Statistics will seldom overcome preconceived notions with high emotional investment. In moments of cool reflection, there may be some light available from the numbers. Many studies cast serious doubt on assumptions of racial disparity in enforcement, use of deadly force against minority citizens and use of force in general. Arrests by race are roughly proportionate to representation by race in the general population. Although not a welcome argument, the amount of risk to minority citizens from other sources vastly outnumber the risk of unlawful violence by police when over half of all homicide victims are black. This may help to direct one’s activism.

Many people point to the over-representation of minorities in the nation’s jails and prisons as evidence of race-based policing. Institutional racism does not begin and end with law enforcement. Where it is present may be traced from the future inmate’s pre-natal and subsequent healthcare, diet, housing, family structure, education, literacy and enrichment, employment, and a multitude of other social factors constantly debated, discovered and dissected.

Support quality communities

Concerned citizens must act to ensure equity and opportunity in their communities. Isolation along racial lines, whether intentional or by default, does not foster intercultural communication. Individuals must ask if their monochrome associations contribute to a lack of understanding among racial and economic divides. Cooperation and community building without the patronizing presumption that one group must condescend to work with one another builds resilience and unity.

Participate in quality dialog

In our current culture, quality conversation is more a matter of what to avoid than what to affirmatively engage. Being the curator of your own voice and filtering through the voices of others is a supreme challenge. Americans used to get their news once a day from their newspapers or favorite television anchor. Now it is a constant bombardment from media whose objectivity is suspect, and social media whose voices are often angry, misinformed and narrow. Learning to discern is a skill yet to be widely developed in our culture. But we can encourage each other to hear the biblical mandate to be quick to listen, slow to speak and slow to anger.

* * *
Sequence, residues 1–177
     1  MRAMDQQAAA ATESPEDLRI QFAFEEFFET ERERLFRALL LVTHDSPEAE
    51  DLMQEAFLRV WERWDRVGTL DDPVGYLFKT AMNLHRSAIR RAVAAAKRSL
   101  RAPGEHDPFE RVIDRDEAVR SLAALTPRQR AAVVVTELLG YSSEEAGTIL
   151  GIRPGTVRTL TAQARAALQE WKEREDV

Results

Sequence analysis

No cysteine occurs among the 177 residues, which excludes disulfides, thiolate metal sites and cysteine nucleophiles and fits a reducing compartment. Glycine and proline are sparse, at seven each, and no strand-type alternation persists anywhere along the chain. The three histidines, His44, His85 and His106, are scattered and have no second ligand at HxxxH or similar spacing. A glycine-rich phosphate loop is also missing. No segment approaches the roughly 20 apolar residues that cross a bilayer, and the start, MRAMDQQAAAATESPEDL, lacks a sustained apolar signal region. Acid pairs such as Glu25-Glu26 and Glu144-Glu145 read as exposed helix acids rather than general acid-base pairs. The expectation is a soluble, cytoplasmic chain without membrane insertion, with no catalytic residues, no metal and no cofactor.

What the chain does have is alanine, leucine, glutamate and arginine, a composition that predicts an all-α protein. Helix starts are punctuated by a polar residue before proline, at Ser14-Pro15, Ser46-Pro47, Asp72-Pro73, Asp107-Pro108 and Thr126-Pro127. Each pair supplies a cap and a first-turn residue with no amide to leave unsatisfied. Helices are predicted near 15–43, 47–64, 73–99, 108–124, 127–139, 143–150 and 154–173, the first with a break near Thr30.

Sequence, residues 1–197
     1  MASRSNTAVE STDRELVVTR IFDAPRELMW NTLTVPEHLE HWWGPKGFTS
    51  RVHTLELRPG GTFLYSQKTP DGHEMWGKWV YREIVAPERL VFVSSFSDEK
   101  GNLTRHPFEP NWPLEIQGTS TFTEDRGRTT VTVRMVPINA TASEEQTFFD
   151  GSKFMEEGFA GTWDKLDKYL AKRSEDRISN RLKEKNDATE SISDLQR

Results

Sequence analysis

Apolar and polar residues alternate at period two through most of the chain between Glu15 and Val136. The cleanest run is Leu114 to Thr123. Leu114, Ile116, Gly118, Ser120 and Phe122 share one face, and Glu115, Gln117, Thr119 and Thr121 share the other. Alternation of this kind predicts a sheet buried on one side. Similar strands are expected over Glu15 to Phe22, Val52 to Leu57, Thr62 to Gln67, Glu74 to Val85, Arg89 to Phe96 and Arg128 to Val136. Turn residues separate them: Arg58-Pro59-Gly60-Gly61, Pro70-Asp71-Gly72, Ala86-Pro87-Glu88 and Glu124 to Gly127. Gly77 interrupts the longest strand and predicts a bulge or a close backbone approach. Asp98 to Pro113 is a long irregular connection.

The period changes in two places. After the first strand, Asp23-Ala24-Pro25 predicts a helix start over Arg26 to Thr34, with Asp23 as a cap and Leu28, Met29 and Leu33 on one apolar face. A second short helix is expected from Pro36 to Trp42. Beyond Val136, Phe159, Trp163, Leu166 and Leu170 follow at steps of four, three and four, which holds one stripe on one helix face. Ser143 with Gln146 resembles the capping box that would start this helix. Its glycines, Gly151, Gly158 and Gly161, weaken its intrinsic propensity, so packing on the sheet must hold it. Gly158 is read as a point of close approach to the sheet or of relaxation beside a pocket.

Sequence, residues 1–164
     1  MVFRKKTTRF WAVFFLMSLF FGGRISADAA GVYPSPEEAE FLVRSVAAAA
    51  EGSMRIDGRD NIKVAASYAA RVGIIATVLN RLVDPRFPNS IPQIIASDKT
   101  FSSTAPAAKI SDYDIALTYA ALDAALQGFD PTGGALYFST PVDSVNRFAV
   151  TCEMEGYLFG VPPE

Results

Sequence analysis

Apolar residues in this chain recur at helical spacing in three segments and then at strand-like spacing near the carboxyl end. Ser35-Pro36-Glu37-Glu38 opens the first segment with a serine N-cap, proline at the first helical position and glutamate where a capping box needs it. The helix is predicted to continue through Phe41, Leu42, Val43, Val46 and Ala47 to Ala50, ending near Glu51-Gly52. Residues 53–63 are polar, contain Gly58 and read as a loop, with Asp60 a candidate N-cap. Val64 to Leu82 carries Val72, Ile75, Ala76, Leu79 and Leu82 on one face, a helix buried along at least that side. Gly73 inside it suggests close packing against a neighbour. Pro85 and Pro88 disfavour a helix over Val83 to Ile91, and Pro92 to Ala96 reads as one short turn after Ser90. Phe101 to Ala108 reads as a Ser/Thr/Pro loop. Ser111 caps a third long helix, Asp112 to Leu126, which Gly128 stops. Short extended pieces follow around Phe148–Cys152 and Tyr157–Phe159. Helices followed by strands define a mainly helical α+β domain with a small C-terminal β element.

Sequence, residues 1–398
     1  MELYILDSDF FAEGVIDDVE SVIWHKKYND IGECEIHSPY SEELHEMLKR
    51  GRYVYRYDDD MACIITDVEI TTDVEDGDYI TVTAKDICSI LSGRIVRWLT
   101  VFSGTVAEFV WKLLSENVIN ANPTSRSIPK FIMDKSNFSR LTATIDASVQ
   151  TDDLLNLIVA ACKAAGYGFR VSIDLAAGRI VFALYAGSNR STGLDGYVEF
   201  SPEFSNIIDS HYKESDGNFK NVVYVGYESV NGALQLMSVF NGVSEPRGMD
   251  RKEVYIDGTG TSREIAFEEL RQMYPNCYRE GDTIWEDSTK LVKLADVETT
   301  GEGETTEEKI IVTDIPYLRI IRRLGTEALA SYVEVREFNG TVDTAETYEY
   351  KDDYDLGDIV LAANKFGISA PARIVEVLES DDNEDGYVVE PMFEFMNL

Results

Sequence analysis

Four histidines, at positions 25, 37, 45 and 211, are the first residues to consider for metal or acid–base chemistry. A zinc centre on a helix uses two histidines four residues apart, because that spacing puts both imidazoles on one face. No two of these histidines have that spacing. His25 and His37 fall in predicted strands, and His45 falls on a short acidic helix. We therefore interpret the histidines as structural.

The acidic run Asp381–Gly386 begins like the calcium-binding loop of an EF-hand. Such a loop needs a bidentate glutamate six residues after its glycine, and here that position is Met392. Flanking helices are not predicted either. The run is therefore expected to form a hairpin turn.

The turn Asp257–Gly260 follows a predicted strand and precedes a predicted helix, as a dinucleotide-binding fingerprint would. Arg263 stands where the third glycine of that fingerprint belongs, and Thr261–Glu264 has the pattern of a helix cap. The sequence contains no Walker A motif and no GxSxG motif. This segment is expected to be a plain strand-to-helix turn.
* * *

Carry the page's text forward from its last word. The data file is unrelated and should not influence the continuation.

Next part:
Joel Shults retired as Chief of Police in Colorado. Over his 30-year career in uniformed law enforcement and criminal justice education, Joel served in a variety of roles: academy instructor, police chaplain, deputy coroner, investigator, community relations officer, college professor and police chief, among others. Shults earned his doctorate in Educational Leadership and Policy Analysis from the University of Missouri, with a graduate degree in Public Services Administration and a bachelor degree in Criminal Justice Administration from the University of Central Missouri. In addition to service with the U.S. Army military police and CID, Shults has done observational studies with over 50 police agencies across the country. He has served on a number of advisory and advocacy boards, including the Colorado POST curriculum committee, as a subject matter expert.